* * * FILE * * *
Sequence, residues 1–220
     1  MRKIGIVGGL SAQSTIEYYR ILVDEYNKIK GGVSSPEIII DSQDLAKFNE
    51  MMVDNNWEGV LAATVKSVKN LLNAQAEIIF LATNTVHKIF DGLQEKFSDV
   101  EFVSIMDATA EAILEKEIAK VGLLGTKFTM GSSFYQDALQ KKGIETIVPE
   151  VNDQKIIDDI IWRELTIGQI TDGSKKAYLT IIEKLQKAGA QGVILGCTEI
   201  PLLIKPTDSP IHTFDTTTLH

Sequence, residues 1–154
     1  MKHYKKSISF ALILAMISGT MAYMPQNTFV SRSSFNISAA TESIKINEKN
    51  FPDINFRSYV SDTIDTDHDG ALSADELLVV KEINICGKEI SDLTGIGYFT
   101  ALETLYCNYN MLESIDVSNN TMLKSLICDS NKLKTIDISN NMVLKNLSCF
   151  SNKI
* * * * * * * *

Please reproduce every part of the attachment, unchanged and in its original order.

Sequence, residues 1–220
     1  MRKIGIVGGL SAQSTIEYYR ILVDEYNKIK GGVSSPEIII DSQDLAKFNE
    51  MMVDNNWEGV LAATVKSVKN LLNAQAEIIF LATNTVHKIF DGLQEKFSDV
   101  EFVSIMDATA EAILEKEIAK VGLLGTKFTM GSSFYQDALQ KKGIETIVPE
   151  VNDQKIIDDI IWRELTIGQI TDGSKKAYLT IIEKLQKAGA QGVILGCTEI
   201  PLLIKPTDSP IHTFDTTTLH

Sequence, residues 1–154
     1  MKHYKKSISF ALILAMISGT MAYMPQNTFV SRSSFNISAA TESIKINEKN
    51  FPDINFRSYV SDTIDTDHDG ALSADELLVV KEINICGKEI SDLTGIGYFT
   101  ALETLYCNYN MLESIDVSNN TMLKSLICDS NKLKTIDISN NMVLKNLSCF
   151  SNKI